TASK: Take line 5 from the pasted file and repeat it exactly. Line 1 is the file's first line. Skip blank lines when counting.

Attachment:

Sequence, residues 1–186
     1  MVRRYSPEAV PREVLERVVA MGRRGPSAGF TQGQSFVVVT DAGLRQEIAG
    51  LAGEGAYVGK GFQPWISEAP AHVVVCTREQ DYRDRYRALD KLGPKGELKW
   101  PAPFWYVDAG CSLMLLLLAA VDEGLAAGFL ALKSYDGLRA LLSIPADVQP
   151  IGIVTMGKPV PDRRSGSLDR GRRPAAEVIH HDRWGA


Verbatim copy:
   151  IGIVTMGKPV PDRRSGSLDR GRRPAAEVIH HDRWGA